Thursday, Feb. 14 2013 2:46PM
Women’s Health: The unmet needs
By Judy Schmoeger
The United States over all has failed to reach almost every goal set for women’s health, according to a report entitled “Making the Grade on Women’s Health: A National and State-by-State Report Card,” a report published by the National Women’s Law Center and Oregon Health Sciences University.
The report is the fifth in a 10-year look at the status of women’s health in this country. In this latest analysis, a satisfactory rating was given on only three of 26 measures of good health for women.
The three goals that have been met throughout the country are the number of women receiving mammograms, the number of women getting screened for colorectal cancer and the number of women going for annual dental visits. However, an increasing number of women are obese and also suffer from high blood pressure and diabetes.
The results vary state-to-state, so although some goals have been met nationally, individual states may be falling behind. Missouri ranked 41. Thirty-seven states received an unsatisfactory grade, and 12 were given an “F,” including Missouri.
Olveen Carrasquillo, chief of general internal medicine at the University of Miami Miller School of Medicine, said, “The reductions in the biggest killers of women, cardiovascular disease and some cancers, are probably the biggest victories we have had in health in the last 20 years.” Carrasquillo noted that it is not surprising to see diabetes levels rising as obesity and lack of physical activity increase among women. That also accounts for the increases in blood pressure.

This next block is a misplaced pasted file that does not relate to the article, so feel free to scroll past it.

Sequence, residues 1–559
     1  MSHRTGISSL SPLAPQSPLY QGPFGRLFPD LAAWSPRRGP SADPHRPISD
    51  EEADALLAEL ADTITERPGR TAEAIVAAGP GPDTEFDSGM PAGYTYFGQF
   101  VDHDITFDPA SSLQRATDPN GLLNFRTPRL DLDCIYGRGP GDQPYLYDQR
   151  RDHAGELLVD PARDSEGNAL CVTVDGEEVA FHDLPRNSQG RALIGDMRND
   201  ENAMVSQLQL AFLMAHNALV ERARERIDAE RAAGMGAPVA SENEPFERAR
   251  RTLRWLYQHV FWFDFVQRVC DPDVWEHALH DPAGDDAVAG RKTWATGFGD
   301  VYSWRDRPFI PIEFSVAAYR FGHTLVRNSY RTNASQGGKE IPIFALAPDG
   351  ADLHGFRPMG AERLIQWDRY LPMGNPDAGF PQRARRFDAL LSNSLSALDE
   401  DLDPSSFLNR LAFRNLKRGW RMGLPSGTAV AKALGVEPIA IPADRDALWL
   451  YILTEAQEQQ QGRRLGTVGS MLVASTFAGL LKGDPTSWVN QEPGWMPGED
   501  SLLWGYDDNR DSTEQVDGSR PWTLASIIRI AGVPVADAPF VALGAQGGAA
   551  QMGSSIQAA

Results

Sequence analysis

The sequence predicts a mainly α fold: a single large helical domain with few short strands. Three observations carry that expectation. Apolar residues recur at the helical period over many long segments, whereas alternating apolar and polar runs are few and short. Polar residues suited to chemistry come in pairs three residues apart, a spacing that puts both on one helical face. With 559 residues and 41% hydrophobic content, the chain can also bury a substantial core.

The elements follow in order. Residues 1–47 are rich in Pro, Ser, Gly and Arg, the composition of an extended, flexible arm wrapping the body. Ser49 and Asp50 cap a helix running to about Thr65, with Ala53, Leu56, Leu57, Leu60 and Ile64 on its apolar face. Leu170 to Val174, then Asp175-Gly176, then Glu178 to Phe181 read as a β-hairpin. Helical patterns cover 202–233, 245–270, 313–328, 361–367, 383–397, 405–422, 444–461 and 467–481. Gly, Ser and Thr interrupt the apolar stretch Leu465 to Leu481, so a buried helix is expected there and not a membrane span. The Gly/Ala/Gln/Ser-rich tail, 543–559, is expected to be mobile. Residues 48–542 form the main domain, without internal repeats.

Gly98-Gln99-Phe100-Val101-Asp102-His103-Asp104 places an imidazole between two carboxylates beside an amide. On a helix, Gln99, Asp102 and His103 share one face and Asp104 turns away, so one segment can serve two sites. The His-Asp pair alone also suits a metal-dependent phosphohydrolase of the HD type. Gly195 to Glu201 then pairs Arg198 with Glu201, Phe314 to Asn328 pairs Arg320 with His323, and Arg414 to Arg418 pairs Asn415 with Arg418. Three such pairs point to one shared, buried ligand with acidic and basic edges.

Interesting that researchers have discovered that more than half of Americans (52 percent) think obesity is the nation’s biggest health concern, but almost every American views themselves as “well” (91 percent) or “being in good health” (76 percent). Therefore, most of us do not consider ourselves as part of the problem.
We all need a wake-up call. We need to realize that lifestyle factors are actually life-and-death factors. With over 50 percent of U.S. healthcare costs attributable to chronic disease, we literally cannot afford to continue living as we are. We must take a good look in the mirror and realize that we are a part of the problem and therefore can actually do something about it.
If you haven’t already, start today with a new attitude about your personal lifestyle choices. We can make a difference in our health by making healthy lifestyle choices that include what food we eat and daily moderate exercise. What lifestyle choices will you make to improve your health and the health of your family?